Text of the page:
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'Alarmed and Outraged': How Two U.S. Senators are Trying to Save Your Facebook Privacy
By: Melody Weister
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Imagine, if you will, this scenario: You enter a job interview, nervous, hiding your sweaty palms while trying to keep a level head and answer the questions your potential employer asks. You think you’ve done well until the final question comes at you and leaves you reeling. “Could I just have your Facebook login information here, then?” Outrageous as it sounds, such incidents have happened on multiple occasions across the country, and as of right now are considered to be legal, despite the fact that they do violate the Facebook Terms of Service. And if you’re getting ready to stand on a chair and yell, “How is this possible?! We have to stop this,” have no worries. You aren’t alone. Two United States Senators don’t think it should be legal, either, and they’re working on legislation that would make it illegal to ask for that information.
 
For those members who are only recently discovering Facebook, and only using it to connect with old friends, this may seem like a relatively minor slight by potential employers. However, even in that case, giving your employer unlimited access to your private profile could be severely damaging. Many of us share photos and put up statuses that openly state our religious and political standpoints, topics which are supposed to be taboo discussions in the workplace due to their divisive and controversial nature. Also, a lot of the younger generations of members of Facebook who have used the site for a number of years, both during and after college, have photos of themselves, some of them several years old, that display a less professional nature than they would want to portray to a potential employer. (You all know the photo I’m talking about. The one you saw on Facebook the next morning and said, “Oh my god, when was this taken?!” Yeah. That one.)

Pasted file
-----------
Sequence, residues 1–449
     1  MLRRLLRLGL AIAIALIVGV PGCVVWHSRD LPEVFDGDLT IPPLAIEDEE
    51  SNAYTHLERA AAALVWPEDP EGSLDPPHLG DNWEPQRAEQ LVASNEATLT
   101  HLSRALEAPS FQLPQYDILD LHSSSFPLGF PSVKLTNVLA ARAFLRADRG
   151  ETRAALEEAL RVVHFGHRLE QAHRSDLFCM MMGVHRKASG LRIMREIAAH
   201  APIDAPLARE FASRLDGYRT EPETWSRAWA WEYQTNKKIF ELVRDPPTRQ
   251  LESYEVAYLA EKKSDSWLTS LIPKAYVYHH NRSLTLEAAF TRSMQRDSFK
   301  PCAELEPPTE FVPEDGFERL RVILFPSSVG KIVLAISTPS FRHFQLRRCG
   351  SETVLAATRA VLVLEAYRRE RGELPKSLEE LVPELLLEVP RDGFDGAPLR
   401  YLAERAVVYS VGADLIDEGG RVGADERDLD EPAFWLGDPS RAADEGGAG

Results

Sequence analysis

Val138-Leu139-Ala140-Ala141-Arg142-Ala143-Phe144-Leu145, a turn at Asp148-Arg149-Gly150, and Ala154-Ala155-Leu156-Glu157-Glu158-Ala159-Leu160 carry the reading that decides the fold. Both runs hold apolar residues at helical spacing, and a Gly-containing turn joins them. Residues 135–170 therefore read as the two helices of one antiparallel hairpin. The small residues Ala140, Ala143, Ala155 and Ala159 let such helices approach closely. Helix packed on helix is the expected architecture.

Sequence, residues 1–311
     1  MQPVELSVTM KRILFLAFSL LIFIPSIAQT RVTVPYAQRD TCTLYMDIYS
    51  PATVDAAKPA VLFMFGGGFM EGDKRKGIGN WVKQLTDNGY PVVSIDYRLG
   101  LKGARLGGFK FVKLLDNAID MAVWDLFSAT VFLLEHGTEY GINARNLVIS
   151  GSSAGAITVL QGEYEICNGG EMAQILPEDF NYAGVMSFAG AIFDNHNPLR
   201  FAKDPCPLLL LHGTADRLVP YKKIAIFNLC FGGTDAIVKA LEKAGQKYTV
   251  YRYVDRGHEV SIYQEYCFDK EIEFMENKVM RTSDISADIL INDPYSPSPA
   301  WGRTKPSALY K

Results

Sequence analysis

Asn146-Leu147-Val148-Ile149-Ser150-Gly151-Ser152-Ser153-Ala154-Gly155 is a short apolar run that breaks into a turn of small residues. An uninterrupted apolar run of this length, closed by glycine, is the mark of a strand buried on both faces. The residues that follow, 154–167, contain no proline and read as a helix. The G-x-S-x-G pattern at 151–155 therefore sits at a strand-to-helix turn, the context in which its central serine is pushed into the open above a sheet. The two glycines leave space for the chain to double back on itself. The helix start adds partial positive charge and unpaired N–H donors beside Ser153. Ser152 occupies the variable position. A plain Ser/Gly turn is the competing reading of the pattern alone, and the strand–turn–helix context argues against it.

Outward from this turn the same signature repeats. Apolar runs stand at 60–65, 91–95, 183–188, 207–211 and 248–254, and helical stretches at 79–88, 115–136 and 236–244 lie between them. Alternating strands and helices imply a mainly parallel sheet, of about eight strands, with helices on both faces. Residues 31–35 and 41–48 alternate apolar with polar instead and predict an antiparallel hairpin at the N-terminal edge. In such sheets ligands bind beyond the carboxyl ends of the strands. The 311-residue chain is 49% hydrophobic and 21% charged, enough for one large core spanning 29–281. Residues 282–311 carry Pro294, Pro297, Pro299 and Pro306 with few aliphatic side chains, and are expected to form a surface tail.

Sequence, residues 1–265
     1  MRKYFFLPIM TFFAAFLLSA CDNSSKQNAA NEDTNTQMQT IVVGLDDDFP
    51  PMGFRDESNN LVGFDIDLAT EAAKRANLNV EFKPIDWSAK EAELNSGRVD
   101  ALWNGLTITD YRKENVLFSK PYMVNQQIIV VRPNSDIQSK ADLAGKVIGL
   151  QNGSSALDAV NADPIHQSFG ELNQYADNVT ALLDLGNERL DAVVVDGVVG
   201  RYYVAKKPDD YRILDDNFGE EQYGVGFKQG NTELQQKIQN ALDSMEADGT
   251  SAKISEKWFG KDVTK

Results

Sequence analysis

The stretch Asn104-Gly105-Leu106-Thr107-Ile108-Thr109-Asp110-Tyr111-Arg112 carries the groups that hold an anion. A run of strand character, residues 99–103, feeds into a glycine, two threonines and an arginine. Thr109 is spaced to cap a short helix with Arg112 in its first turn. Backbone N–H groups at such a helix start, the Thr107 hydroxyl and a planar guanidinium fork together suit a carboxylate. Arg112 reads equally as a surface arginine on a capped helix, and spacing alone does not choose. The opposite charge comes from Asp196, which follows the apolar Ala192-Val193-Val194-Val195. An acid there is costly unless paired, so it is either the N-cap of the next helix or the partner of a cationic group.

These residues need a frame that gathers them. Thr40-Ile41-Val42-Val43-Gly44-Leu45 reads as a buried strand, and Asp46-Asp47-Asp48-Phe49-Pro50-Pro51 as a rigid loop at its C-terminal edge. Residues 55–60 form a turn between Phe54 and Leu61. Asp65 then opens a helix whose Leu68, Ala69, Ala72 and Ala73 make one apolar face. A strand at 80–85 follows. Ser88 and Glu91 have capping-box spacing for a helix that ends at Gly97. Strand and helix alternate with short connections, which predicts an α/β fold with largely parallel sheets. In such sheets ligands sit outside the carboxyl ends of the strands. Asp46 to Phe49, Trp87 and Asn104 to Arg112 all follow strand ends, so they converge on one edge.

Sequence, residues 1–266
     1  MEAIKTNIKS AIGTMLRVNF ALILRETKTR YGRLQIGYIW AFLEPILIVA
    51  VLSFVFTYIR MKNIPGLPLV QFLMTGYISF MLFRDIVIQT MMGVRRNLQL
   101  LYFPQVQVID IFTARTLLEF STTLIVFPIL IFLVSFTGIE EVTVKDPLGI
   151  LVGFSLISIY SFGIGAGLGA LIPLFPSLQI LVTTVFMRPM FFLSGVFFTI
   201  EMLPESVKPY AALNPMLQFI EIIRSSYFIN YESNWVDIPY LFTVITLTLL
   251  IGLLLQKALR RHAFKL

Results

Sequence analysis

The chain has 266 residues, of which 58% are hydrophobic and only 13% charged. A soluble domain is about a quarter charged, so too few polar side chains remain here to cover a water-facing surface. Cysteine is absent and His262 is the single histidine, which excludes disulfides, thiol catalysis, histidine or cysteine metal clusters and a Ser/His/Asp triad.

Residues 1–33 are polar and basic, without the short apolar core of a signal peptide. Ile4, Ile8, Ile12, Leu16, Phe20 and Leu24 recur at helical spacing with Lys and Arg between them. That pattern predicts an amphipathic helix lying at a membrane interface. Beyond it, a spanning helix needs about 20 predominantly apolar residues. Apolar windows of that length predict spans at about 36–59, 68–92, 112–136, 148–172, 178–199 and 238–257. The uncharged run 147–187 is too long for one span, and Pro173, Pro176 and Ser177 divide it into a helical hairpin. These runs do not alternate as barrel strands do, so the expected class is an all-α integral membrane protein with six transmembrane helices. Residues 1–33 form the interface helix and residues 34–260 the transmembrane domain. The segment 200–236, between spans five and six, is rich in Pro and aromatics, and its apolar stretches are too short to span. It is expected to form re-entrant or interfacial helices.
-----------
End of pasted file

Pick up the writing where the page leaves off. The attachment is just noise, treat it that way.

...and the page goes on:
Facebook’s current privacy settings have been finely honed over the years in order to provide users with the capability to keep those pictures’ and opinions’ visibility limited to a select group of individuals — and definitely not to potential employers. But up until recently, there has been no law preventing employers from asking for login information.
 
According to Sens. Richard Blumenthal (D-Conn.) and Charles Schumer (D-N.Y.), however, the heart of the situation goes beyond embarrassing photographs and political opinions. In a statement announcing their request to the Department of Justice and the Equal Employment Opportunity Commission to look into the matter, which they call a “new disturbing trend,” Senator Schumer stated, “Employers have no right to ask job applicants for their house keys or to read their diaries — why should they be able to ask them for their Facebook passwords and gain unwarranted access to a trove of private information about what we like, what messages we send to people, or who we are friends with?”
 
Facebook itself has also published a post decrying this practice, which you can read in full here. Notably, Chief Privacy Officer Erin Egan made clear the risks to employers misusing this information, saying, “We don’t think employers should be asking prospective employees to provide their passwords because we don’t think it’s the right thing to do. But it also may cause problems for the employers that they are not anticipating. For example, if an employer sees on Facebook that someone is a member of a protected group (e.g. over a certain age, etc.) that employer may open themselves up to claims of discrimination if they don’t hire that person.”
 
Senator Blumenthal, along with his request to these Federal agencies to investigate this matter, is currently drafting legislation that would prevent this practice in the future. Policymakers in Maryland and Illinois are said to be working on similar legislation. For now, keep in mind that an employer who wants your Facebook login information isn’t an employer you’d want to work for, anyway.


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About the Author
Melody Weister is a technology aficionado, unashamed smartphone geek, and casual gamer from Montclair, NJ, where she works as a Social Media Coordinator. Follow her on Twitter: @msmelodyrose.
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